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Hoffmann, R. A wiki for the life sciences where authorship matters. Nature Genetics (2008)

Familial British dementia: colocalization of furin and ABri amyloid.

Familial British dementia (FBD) is an autosomal dominant condition caused by a point mutation in the stop codon of the BRI gene. This mutation extends the normal precursor protein (PP) of 266 amino acids to the next stop codon, which is at amino acid 277. Kim and colleagues demonstrated in vitro that furin can process both the normal protein BriPP and the extended protein ABriPP to produce C-terminal fragments of 23 and 34 amino acids. The abnormal C-terminal fragment, ABri, accumulates in FBD in the form of extracellular amyloid deposits. The objective of our study was to determine if furin is associated with ABri in FBD. Brain tissue of one case of FBD, four cases of Alzheimer's disease (AD) and two controls were studied by immunohistochemistry using antibodies against furin, beta-amyloid protein and ABri. In FBD, furin was found to be colocalized with ABri deposits and amyloid angiopathy in all areas examined. In contrast beta-amyloid deposits in AD were not immunostained by the furin antibody. In normal as well as pathological cases, clusters of neurons in the hippocampus and neocortex showed light to moderate furin immunostaining, while peptidergic neurons of the hypothalamus showed intense furin-immunostaining. These data suggest that furin may be involved in producing the pathological fragment of ABriPP in vivo and that inhibition of furin might be a method of treating this disorder.[1]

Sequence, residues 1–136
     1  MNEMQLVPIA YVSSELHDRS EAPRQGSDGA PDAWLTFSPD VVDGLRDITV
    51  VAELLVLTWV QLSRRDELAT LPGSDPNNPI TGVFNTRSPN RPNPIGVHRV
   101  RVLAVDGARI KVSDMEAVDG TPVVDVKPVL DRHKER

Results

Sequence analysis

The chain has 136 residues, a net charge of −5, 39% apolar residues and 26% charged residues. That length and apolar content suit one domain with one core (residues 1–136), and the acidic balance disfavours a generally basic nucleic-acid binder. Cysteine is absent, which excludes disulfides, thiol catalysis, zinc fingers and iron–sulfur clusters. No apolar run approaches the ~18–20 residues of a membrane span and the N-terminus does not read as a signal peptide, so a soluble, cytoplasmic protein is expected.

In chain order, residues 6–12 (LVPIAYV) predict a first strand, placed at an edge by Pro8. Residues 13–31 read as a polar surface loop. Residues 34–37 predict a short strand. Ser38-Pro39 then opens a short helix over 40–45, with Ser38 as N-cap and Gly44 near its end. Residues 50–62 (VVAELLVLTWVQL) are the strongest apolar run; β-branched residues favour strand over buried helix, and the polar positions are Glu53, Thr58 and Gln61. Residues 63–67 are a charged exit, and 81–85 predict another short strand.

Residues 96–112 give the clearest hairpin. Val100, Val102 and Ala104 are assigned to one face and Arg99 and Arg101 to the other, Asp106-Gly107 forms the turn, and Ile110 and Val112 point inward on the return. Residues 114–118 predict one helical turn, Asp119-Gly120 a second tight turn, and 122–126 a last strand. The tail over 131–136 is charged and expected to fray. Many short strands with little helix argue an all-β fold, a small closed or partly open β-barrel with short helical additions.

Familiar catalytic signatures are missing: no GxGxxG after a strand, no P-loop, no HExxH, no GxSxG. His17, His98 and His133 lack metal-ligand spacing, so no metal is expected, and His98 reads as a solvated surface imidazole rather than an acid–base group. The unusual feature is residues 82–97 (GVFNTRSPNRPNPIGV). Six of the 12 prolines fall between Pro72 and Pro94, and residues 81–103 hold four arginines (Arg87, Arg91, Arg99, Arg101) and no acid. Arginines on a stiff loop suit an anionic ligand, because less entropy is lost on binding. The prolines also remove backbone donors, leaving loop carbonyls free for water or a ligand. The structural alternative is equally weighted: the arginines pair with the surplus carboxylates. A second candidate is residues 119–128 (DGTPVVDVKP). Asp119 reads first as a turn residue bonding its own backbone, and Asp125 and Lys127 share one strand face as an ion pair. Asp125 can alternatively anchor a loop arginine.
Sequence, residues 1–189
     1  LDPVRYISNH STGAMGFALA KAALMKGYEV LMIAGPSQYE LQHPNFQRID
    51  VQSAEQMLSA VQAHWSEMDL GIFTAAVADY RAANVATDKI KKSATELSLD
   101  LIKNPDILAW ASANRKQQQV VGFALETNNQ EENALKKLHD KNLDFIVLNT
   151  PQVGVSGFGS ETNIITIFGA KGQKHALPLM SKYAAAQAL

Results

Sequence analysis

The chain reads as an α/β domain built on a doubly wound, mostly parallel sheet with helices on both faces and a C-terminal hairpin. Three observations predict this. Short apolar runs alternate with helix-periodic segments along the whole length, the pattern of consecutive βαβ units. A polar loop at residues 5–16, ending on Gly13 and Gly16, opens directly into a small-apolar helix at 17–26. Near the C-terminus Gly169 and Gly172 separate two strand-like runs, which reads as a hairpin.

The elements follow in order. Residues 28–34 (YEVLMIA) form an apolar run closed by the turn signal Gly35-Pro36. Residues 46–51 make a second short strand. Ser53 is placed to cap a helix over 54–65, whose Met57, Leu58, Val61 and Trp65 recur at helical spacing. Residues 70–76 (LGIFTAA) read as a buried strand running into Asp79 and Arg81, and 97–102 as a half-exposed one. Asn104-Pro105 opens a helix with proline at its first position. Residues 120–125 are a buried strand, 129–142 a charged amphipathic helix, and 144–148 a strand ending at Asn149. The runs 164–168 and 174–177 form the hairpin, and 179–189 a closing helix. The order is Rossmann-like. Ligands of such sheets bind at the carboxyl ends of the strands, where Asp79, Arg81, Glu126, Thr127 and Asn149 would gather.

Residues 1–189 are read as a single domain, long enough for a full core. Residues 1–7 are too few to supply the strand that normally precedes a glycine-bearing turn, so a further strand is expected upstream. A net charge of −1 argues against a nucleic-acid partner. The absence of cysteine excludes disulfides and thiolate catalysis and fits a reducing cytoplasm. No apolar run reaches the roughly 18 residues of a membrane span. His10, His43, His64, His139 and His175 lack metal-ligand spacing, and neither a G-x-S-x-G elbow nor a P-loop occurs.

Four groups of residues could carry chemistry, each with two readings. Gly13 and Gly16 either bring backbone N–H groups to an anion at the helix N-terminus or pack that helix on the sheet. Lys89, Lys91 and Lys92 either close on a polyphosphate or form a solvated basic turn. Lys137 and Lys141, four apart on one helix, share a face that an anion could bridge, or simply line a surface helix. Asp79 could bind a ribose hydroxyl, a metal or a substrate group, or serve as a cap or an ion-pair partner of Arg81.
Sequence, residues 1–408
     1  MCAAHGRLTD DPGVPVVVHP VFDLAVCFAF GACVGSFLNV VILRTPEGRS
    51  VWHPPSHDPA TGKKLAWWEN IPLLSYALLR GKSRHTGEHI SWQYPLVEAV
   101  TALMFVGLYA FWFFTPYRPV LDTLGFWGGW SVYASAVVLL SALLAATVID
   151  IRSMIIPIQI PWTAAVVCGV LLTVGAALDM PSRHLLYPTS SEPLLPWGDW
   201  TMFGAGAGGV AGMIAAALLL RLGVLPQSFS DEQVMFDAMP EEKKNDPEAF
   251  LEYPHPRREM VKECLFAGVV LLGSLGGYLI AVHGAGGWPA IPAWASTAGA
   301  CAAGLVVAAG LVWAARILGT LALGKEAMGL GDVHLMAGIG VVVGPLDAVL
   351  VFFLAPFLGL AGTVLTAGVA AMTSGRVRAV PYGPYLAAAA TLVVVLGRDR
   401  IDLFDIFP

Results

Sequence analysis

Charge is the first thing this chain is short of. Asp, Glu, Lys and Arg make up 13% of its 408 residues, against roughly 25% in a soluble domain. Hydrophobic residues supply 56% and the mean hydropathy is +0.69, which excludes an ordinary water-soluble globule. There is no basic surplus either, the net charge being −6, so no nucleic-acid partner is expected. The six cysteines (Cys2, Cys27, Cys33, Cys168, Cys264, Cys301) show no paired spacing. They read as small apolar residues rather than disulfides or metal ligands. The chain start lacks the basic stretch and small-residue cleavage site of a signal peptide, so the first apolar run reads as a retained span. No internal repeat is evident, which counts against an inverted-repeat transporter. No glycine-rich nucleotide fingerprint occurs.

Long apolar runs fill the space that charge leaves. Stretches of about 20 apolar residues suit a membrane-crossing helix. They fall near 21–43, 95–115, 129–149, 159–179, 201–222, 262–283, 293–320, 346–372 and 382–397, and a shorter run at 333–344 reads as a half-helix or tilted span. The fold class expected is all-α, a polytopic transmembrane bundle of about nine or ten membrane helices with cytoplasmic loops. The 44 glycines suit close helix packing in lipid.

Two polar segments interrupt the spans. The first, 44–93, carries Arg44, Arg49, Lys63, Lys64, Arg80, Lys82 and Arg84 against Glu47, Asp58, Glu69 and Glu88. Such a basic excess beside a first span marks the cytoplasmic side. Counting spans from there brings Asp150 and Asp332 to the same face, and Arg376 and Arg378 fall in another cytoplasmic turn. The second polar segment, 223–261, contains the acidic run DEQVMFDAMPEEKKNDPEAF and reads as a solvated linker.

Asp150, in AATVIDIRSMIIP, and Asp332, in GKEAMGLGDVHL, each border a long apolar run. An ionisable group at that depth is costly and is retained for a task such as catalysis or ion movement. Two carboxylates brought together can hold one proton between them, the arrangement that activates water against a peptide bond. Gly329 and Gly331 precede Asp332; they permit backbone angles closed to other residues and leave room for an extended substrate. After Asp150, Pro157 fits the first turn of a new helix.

1. Familial British dementia: colocalization of furin and ABri amyloid. Schwab, C., Hosokawa, M., Akiyama, H., McGeer, P.L. Acta Neuropathol. (2003) [Pubmed]
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